Taiwanese election may determine whether Beijing opts to force the issue of reunification
If Taiwan’s pro-independence party remains in power, Xi might be compelled to push reunification; however if the opposition, aligning with “one China,” prevails, Beijing may adopt a patient stance.
When the votes are being tallied in Taiwan’s presidential election, it won’t be only the 23.6 million inhabitants of the island eagerly awaiting a result – in Beijing and Washington, too, there will be some anxious faces.
The vote of Jan. 13, 2024, is seen as a litmus test for the future of cross-strait relations, coming at a time when the status quo over Taiwan – a territory Beijing claims as an integral part of “one China” – is being challenged.
If Taiwan’s incumbent, independence-oriented party stays in power, Chinese leader Xi Jinping might feel he has no choice but to force the issue of reunification. Conversely, if the opposition – which agrees with Beijing that Taiwan and the mainland are part of “one China” but not about who governs it – wins, Beijing might feel it has more space to be patient on the issue.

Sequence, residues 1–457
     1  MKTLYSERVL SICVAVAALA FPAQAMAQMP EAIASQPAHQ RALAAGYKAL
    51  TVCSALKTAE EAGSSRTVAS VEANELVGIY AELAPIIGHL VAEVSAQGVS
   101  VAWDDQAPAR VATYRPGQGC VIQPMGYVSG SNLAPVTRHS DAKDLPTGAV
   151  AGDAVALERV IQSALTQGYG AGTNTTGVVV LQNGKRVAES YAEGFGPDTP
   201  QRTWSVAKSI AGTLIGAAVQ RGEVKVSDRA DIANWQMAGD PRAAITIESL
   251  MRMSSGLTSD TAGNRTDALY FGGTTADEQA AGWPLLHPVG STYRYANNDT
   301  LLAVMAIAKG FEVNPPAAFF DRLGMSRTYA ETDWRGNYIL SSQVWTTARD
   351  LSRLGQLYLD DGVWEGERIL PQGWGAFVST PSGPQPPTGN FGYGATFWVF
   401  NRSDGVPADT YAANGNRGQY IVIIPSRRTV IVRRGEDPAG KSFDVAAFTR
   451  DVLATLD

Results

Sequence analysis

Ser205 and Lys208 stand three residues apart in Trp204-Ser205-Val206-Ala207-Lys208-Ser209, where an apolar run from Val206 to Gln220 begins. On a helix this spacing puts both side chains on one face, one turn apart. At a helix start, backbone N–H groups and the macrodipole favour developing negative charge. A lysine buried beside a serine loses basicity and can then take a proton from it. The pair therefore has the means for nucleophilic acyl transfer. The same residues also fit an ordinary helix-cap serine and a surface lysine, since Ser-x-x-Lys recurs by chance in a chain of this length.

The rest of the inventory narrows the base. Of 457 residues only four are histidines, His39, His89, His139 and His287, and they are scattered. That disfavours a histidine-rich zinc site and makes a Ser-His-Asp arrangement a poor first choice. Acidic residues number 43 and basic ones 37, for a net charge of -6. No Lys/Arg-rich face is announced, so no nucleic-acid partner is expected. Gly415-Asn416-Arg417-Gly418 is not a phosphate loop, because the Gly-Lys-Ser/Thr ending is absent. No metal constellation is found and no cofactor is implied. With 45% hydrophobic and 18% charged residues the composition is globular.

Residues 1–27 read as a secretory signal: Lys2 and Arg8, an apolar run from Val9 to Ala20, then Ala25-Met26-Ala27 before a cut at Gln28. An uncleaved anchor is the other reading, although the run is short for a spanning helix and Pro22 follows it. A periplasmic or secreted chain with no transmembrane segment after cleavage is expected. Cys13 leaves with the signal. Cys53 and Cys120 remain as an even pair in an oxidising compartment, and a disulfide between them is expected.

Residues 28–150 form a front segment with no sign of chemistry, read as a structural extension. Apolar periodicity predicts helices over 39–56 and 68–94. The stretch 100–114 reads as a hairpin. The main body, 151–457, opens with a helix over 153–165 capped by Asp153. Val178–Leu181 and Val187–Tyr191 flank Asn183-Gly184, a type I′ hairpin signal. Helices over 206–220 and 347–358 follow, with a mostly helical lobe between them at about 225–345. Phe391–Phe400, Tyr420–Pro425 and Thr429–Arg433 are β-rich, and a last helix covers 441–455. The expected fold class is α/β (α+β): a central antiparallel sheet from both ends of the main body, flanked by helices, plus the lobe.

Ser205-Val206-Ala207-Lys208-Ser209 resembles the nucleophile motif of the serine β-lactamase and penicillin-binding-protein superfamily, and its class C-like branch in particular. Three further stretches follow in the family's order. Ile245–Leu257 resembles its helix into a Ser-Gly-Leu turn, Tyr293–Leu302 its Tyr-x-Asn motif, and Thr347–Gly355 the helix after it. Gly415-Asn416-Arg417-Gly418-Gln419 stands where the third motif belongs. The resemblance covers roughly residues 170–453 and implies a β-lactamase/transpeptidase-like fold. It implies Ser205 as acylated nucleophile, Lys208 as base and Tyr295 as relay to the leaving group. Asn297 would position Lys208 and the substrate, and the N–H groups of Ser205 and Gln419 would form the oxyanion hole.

In the run-up to the vote, Beijing has ramped up military exercises in and around the Taiwan Strait in an apparent warning to Taiwanese voters. On Jan. 6, in one of the most recent incidents, China sent a series of balloons over the island, which the Taiwan government cited as a threat to air travel and an attempt at intimidation.
Meanwhile, in his annual New Year’s address, Xi stated that “China will surely be reunified,” raising fears internationally that he intends to pursue the issue militarily if necessary.
For Washington, too, the outcome of the vote will have implications. The United States has cultivated strong ties with the current leadership of Taiwan. But recent tensions in the strait have raised the risk of war. US actions deemed provocative by Beijing, such as the 2022 visit of then-Speaker of the House Nancy Pelosi to Taiwan, have resulted in China upping its military threats in the strait. And this has raised speculation that China’s patience is growing thin and its timeline for reunification is growing shorter.
Meanwhile, questions about the US capacity to respond to any Chinese aggression over Taiwan have risen; the spectre of war in a third region of the world – after Ukraine and Israel – worries national security leadership in Washington.
Lai has consistently led in the polls, prompting the KMT and TPP to earlier consider running on a joint ticket. However the two parties failed to agree on terms, and the coalition attempt imploded.
This may prove crucial, as joining forces may have represented the best chance of a KMT candidate being elected – an outcome that may have cooled tensions with Beijing.